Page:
Jinx and True Detective

Stills from the title sequences of The Jinx (left) and True Detective (right)

Interestingly, academics have viewed spoilers in a positive light. Paul Booth argues that “spoilers exist as communal hypotheses of future events, built through interactivity and centered on narrative exposition. Spoilers are also a way for fans to actively construct meaning in the extant media object, and to refute the dominant interpretation of the media text.” [11 ] Jonathan Bignell has also discussed the extratextual pleasures of spoilers in relation to J. J. Abrams’s Lost (2004-2010). [12 ] Yet these analyses situate fandom as central to paratexts. While there are documentaries about fandom, there are rarely fandoms dedicated to specific documentaries; unlike fictional film and television, documentaries are not typically associated with sustained, spectatorial fervour, rather, certain auteurs are revered (such as Werner Herzog, David Attenborough and Ken Burns). Despite this, The Jinx is “made for the binge watcher,” [13 ] which Robert Thompson believes is the optimal way to watch “new serialized, high-profile, high pedigree novelistic [shows] such as Breaking Bad, The Wire, Homeland, or Dexter.” [14 ] Here we can see a tension between The Jinx as a documentary and The Jinx as a quality drama – but this is precisely why there is such outrage over its spoilers. We can recapture fiction; we cannot recapture the unfolding of real life drama in documentaries, especially real life drama that requires multiple viewings in rapid succession. It is this hybridity that complexly and poetically distorts audience expectations. The final still of The Jinx dramatizes these expectations – it is powerful, cinematic, televisual, and ultimately ambiguous in what will happen to Robert. For most people, looking up his name on Google after watching the series would provide a sense of pleasure through closure, and most importantly, this pleasure would arise from finding out these details for themselves. Yet it remains difficult to discern whether audiences should expect documentaries to be spoiler free. After all, can life be spoiler free? Perhaps the answer is not so simple in a culture that reveres the binge-watching of high-end dramas.

Image Credits:
1. The Jinx
2. Jarecki and Durst
3. Tweet #1
4. Tweet #2
5. The Jinx Opening Credits
6. True Detective Opening Credits

  1. Horeck, Tanya. “‘A film that will rock you to your core’: Emotion and affect in Dear Zachary and the real crime documentary.” Crime Media Culture 10.2 (2014): 151-167. []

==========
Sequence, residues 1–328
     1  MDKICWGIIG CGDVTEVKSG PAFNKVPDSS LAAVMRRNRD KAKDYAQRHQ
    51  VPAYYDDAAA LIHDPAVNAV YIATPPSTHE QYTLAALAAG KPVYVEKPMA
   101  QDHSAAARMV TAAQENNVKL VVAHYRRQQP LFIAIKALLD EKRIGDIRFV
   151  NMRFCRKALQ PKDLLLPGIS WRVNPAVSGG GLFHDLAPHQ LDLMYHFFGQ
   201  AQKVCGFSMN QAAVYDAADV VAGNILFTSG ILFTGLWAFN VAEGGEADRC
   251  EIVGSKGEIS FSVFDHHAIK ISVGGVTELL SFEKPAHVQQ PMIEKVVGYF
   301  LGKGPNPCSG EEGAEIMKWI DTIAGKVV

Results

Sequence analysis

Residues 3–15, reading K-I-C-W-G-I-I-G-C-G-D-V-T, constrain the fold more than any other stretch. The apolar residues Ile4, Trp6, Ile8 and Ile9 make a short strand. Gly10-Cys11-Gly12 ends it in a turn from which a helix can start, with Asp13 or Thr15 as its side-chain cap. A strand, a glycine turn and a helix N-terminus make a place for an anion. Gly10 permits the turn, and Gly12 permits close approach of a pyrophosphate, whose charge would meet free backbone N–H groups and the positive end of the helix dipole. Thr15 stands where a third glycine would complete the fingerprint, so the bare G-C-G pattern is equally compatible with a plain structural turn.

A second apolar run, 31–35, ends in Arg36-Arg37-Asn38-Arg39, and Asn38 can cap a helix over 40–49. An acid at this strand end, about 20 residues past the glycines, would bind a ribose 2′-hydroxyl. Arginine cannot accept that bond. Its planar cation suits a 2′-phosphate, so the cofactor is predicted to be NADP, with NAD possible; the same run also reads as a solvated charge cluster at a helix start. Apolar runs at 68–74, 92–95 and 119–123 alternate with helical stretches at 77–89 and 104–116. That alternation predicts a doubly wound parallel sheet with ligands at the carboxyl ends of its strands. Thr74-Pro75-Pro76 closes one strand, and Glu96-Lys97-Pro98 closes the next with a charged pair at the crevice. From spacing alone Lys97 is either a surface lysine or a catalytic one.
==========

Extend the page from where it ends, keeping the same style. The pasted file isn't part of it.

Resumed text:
2. Arthur, Paul. “True confessions, sort of: Capturing the Friedmans and the dilemma of theatrical documentary.” Cineaste 22.4 (2003): 4–7. []
  3. Austin, Thomas. Watching the World: Screen Documentary and Audiences. Manchester & New York: Manchester University Press, 2007. []
  4. Renshaw, David, “The Jinx box set review: The utterly gripping true-life story of Robert Durst is stranger than any fiction.” The Guardian August 20, 2015. http://www.theguardian.com/tv-and-radio/2015/aug/20/jinx-robert-durst-murder-wealth-privilege-jarecki. []
  5. Ward, Paul. Documentary: The Margins of Reality. New York: Columbia University Press, 2005. []
  6. McNutt, Myles. “With The Jinx Finale, Spoiler-Alert Culture Reaches Peak Absurdity”. Vulture March 16, 2015. http://www.vulture.com/2015/03/spoiler-alert-culture-reaches-peak-absurdity.html. []
  7. McCormick, Rick. “The New York Times spoiled the ending to HBO TV show The Jinx on Twitter”. The Verge March 15, 2015. http://www.theverge.com/2015/3/15/8221055/hbo-show-the-jinx-spoiled-on-twitter. []
  8. I refer here to Bill Nichols’ six modes of documentary filmmaking: ‘expository mode’, ‘observational mode’, ‘participatory mode’, ‘poetic mode’, ‘reflexive mode’ and ‘performative mode’. The Jinx is reflexive as it draws attention to the televisual apparatus, it is ‘participatory’, as it emphasises the interaction between Andrew Jarecki and Robert in one-on-one interviews, and it is also ‘performative’ because it highlights the subjective aspects of the filmmaker’s involvement (Jarecki recognises that he likes Robert and does not want the rumours about him to be true). []
  9. Lipkin, Steven. Docudrama Performs the Past: Arenas of Argument in Films based on True Stories. Newcastle-upon-Tyne: Cambridge Scholars Publishing, 2011. 2. []
  10. Zeitchick, Steven. “Is ‘The Jinx’ a threat to traditional feature documentaries?” Los Angeles Times March 18, 2015. http://www.latimes.com/entertainment/movies/moviesnow/la-et-mn-the-jinx-series-documentary-hbo-20150318-story.html. []
  11. Booth, Paul. Digital Fandom: New Media Studies. New York: Peter Lang Publishing, Inc., 2010. 110. []
  12. See Gray, Jonathan, Show Sold Separately: Promos, Spoilers, and Other Media Paratexts. New York: New York University Press, 2010. []
  13. Bauder, David. “The Jinx documentary is made for the binge watcher.” The Star February 6, 2015. http://www.thestar.com/entertainment/television/2015/02/06/the-jinx-documentary-is-made-for-the-binge-watcher.html. []
  14. Herbert, Geoff. “‘Arrested Development’: Why binge-watching and Netflix ‘cheating’ aren’t all bad.” Syracuse May 24, 2013. http://www.syracuse.com/entertainment/index.ssf/2013/05/arrested_development_binge_watching_netflix_cheating.html. []